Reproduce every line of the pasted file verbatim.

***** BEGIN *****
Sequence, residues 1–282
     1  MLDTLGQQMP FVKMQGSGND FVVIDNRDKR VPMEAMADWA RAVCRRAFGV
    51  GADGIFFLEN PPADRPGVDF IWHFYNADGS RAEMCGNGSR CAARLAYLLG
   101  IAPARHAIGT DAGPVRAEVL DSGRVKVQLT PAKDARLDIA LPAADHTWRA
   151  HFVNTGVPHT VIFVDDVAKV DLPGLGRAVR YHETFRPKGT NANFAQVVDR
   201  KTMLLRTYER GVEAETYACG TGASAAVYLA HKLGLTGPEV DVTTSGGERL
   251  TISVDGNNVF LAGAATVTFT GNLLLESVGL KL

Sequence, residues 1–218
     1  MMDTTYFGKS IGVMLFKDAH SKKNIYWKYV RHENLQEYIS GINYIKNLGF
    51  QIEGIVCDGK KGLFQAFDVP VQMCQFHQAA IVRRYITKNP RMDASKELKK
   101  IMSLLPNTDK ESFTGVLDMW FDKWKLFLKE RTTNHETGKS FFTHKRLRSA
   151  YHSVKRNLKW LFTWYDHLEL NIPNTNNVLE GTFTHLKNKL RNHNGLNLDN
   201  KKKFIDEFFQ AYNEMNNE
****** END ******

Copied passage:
Sequence, residues 1–282
     1  MLDTLGQQMP FVKMQGSGND FVVIDNRDKR VPMEAMADWA RAVCRRAFGV
    51  GADGIFFLEN PPADRPGVDF IWHFYNADGS RAEMCGNGSR CAARLAYLLG
   101  IAPARHAIGT DAGPVRAEVL DSGRVKVQLT PAKDARLDIA LPAADHTWRA
   151  HFVNTGVPHT VIFVDDVAKV DLPGLGRAVR YHETFRPKGT NANFAQVVDR
   201  KTMLLRTYER GVEAETYACG TGASAAVYLA HKLGLTGPEV DVTTSGGERL
   251  TISVDGNNVF LAGAATVTFT GNLLLESVGL KL

Sequence, residues 1–218
     1  MMDTTYFGKS IGVMLFKDAH SKKNIYWKYV RHENLQEYIS GINYIKNLGF
    51  QIEGIVCDGK KGLFQAFDVP VQMCQFHQAA IVRRYITKNP RMDASKELKK
   101  IMSLLPNTDK ESFTGVLDMW FDKWKLFLKE RTTNHETGKS FFTHKRLRSA
   151  YHSVKRNLKW LFTWYDHLEL NIPNTNNVLE GTFTHLKNKL RNHNGLNLDN
   201  KKKFIDEFFQ AYNEMNNE